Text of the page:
Time proceeded apace, and eventually came the day where she had been summoned to Hidaya’s hut. He was wearing his full, formal Shaman attire; Zecora knew it was time. It was then that she was told that there were to be two more sacrifices to be made, one of which Hidaya knew of, the other would be told to her by the Spirits themselves. In order for a Shaman to serve the spirits, she must bridge the world between the living and the dead. She would undergo her own funeral so that the village might lay her spirit to rest. Since her body would yet live, she would bridge the two lands as only a Shaman could; she would see the spirits and be able to interact with them far more readily. After the funeral, though, she would have to depart her lands, never to return until she was summoned back to fill her role as Shaman to her village.  Yet still, since she was technically a Spirit, there would be times that Hidaya could summon her so that she might be able to visit, after a fashion.

The second sacrifice would be far more personal, and unique to her. Hidaya had been required by the spirits to speak for them in low, measured tones and never to raise his voice while offering advice. For her, it would be something else, entirely. What it was, would only be made apparent to her when she became fully vested in her powers and responsibilities.

Hidaya had made a tea, and had set it before her. Part of her transition to Shaman would be to remain immobile through her funeral. The tea would help her remain calm and placid, yet still fully aware of the goings on around her. She had drunk the tea, and felt her limbs grow still. She smiled to Hidaya, and then closed her eyes, lowering her head to her chest as if she had passed on peacefully in her sleep.

Zecora’s immobile form had been carried out to the center of her village. There, grave goods had been brought and heaped up in front of, and around her; everything celebrated her life. Stories were told, laughter shared, and a grand party was held in honor of her life.  She felt warmth in her heart, and a joy within her began making her feel light-headed. She remembered a light nibble on her neck and a whisper from Azizi, ‘I will remember you always, my love. Be well, in the Summer-Lands’.  Gentle touches from those she had shared her life with, as it now wound down to an ending… of sorts.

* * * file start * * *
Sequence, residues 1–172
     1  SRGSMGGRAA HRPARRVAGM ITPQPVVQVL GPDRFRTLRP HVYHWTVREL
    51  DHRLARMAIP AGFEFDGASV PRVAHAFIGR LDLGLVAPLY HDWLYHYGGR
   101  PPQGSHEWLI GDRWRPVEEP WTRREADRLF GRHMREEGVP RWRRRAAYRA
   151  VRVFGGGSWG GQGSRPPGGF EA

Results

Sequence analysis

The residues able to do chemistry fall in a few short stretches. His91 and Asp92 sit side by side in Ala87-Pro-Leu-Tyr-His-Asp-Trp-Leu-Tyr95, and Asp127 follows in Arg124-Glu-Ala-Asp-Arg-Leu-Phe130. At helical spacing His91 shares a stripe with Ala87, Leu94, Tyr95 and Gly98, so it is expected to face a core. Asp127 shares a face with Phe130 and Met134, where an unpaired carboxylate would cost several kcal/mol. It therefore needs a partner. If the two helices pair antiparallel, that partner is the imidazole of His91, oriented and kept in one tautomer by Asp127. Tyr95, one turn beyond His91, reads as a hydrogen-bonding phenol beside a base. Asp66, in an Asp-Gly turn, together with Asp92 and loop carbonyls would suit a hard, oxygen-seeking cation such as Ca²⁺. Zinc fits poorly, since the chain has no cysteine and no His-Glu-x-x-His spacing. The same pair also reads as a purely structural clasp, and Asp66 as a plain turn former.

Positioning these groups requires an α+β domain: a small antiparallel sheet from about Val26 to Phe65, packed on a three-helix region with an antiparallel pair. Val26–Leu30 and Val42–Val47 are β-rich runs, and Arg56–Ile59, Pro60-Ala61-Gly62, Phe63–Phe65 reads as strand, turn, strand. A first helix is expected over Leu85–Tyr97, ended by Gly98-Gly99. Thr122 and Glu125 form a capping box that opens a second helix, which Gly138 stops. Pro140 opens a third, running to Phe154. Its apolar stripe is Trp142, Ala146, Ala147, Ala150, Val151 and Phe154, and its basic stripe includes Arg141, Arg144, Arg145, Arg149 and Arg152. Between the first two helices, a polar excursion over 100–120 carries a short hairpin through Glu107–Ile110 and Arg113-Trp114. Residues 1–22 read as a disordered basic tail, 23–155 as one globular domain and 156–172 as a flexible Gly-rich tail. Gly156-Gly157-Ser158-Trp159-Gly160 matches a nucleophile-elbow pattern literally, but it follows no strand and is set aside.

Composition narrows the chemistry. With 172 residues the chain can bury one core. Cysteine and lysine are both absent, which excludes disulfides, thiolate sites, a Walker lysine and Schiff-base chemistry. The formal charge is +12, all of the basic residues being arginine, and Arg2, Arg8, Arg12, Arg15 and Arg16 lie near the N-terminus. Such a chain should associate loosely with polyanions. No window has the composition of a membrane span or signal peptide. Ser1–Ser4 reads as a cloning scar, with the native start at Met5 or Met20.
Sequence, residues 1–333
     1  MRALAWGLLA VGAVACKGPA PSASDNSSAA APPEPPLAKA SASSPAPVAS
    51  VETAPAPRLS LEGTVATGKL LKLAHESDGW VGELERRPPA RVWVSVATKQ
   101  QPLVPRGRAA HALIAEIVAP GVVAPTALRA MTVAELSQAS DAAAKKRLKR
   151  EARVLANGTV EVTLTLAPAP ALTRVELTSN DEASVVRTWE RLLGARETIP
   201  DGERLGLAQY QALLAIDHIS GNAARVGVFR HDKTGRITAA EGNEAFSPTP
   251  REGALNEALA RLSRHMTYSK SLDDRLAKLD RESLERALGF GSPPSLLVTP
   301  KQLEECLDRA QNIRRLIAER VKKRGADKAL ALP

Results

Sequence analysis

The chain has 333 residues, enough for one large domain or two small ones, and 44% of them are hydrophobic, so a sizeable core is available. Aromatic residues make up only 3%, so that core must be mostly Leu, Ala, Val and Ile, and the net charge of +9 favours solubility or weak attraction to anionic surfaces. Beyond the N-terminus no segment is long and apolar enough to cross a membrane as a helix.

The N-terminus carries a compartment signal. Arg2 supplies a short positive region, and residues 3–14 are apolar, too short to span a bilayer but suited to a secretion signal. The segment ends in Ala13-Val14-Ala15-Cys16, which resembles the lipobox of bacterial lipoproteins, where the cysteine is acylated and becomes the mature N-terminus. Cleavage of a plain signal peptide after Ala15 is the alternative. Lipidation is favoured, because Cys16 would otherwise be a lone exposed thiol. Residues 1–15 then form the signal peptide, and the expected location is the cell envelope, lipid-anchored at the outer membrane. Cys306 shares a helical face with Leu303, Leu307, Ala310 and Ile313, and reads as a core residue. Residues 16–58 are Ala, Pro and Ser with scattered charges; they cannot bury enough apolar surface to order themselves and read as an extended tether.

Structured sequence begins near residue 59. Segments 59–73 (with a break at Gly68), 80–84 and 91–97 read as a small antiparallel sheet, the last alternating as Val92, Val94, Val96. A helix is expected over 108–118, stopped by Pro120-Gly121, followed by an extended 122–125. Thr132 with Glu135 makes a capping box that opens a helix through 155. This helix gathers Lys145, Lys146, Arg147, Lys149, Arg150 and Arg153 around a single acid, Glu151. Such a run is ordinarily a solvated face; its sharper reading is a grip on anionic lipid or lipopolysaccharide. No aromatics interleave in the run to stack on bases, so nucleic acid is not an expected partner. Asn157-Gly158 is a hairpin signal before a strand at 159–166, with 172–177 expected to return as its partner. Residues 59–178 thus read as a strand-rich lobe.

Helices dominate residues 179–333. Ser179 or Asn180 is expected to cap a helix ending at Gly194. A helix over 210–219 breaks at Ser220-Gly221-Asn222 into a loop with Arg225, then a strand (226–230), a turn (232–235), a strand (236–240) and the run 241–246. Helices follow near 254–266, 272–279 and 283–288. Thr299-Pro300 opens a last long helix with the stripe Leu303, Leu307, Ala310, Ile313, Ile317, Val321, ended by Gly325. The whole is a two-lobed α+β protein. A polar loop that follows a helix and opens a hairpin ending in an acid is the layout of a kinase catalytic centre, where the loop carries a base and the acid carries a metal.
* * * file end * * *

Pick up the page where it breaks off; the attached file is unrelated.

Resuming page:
For it was when Hidaya came forth and separated her spirit from her body for a moment that she felt a surge of life and love that bound her to this place, of all places. In her heart and mind, she saw an array of spirits, all smiling up at her. She recalled somehow knowing that she must choose the one that meant the very most to her and that that spirit would forever more influence her destiny. Zecora had grinned to herself, for she already knew which spirit must be chosen. ‘Little one, you cannot hide from me. For it is with your own eyes that I see.’  She had been surprised at the rhyme; she never had before, in her years of training.

Yet knowledge settled in, when the fennec spirit came forward with that signature toothy smile and had said, ‘You speak for us now, and I’m your guide. Mischief is loved, but mischief unrestrained is always dangerous. I bind your speech with this: When you speak for the Spirits, then you will speak in rhyme. This will help you think and doublethink what it is you say so that you consider your words with care.’